How to give no clue when connecting Qubes to network?



  • I’d like to only send encrypted traffic to the network, either from sys-whonix or from my VPN VMs.
  • My ultimate goal is that the network I am connecting to does not have any clue about me (except that I use the Tor network and that I use VPN providers).
  • No clue about me means e.g. no clue that I use Qubes.


  • sys-whonix and my VPN VMs are connected to disp-sys-firewall.
  • disp-sys-firewall is connected to disp-sys-net (which is obviously connected to the network)

Problems I see: disp-sys-firewall & disp-sys-net send unencrypted traffic to the network, like…

What I’d like to filter:

  1. IPv6 broadcasts
  2. NTP traffic
  3. DNS requests, APT updates, Others?

How I think to do it:

  1. IPv6 broadcasts
    Disable IPV6 with sysctl in the template of disp-sys-net

  2. NTP
    I tried to configure my clockVM to be my UpdateVM (which goes through my VPN VM). Unfortunately, I had time problems with this solution. (See Question 2 here below)

  3. Use qvm-firewall in dom0 for disp-sys-net, only allowing traffic to:

    • DHCP port (to get a DHCP config)
    • my Tor guard
    • the servers of my VPN providers


  1. What problem(s) do you see with that plan? What am I missing?
  2. Do you have a solution for the NTP problem?

Thank you very much for your attention and answers!

Interesting question. I think I will implement something like that in my setup.
I believe the way you described should work. Please keep us posted on how it is going for you.

So, Qubes probably uses sys-net to synchronize the clock of all VMs, perhaps there is a way to change that to a VM that is downstream from sys-vpn. Another options is to configure sys-net to use NTS instead.

Edit: if I’m not mistaken, the DHCP protocol sends your hostname, so maybe change sys-net for a more stealthy name.

What issues did you have?

It should be as simple as setting your ClockVM to an AppVM with the clocksync service enabled. Is a minimal template in use? The right software may not be installed.

I’m not sure it works like that. qubes-firewall for a VM is enforced on the NetVM (or ProxyVM) of that VM. You’d have to make additional iptables/nft changes in sys-net via user firewall rules to block outgoing traffic from sys-net. A DNS failsafe could be to use dnsmasq in sys-net as your DNS server ( that blocks all.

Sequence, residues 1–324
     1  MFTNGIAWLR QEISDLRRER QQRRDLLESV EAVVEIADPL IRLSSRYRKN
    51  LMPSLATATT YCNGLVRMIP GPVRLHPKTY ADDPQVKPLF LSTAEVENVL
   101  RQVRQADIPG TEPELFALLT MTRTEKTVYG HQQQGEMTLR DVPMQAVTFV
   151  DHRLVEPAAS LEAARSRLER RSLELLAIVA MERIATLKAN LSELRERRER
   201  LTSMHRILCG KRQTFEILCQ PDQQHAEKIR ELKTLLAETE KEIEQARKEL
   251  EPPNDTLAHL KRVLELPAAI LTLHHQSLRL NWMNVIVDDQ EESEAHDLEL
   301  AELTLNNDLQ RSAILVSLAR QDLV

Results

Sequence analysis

The only Qubes-identifying network traffic is performing updates, as those will reach out to {yum,deb} Use an UpdateVM where Tor or a VPN is upstream and don’t worry about it.

The other is DHCP as the client host name will be ‘sys-net’. Rename sys-net to something else, or use random hostname generation if DHCP is used. Or, don’t use DHCP; there’s no need for DHCP if the network details are already known.

All other traffic is specific to the OS inside your qubes.

It sounds like you want to eliminate all traffic generated by sys-net itself, not necessarily qubes-identifying traffic. In that case I’d leave NetworkManager out, use manual network config, and use user-specified iptables rules to whitelist only the stuff you expect.

Here we go…

I tried to use those 3 commands:

sudo sysctl -w net.ipv6.conf.all.disable_ipv6=1
sudo sysctl -w net.ipv6.conf.default.disable_ipv6=1
sudo sysctl -w net.ipv6.conf.lo.disable_ipv6=1

in the /rw/config/rc.local of the sys-usb-dvm template of my disp-sys-usb VM where I put a wifi USB dongle.

Didn’t work: When my usb dongle connected to a wifi network, I got an IPv6 address for the interface (ip a command) and saw IPv6 trafic on wireshark.

I created a script in my sys-usb-dvm template that I can run on my disp-sys-usb VM before connecting to a wifi network. First lines of are:

# Disable IPv6
sudo ip6tables -I OUTPUT 1 -j DROP
sudo ip6tables -I FORWARD 1 -j DROP

The FORWARD rule ensures there is no traffic that can be forwarded from downstream VMs.

Looks like it works fine this time!

Didn’t investigate more for the moment.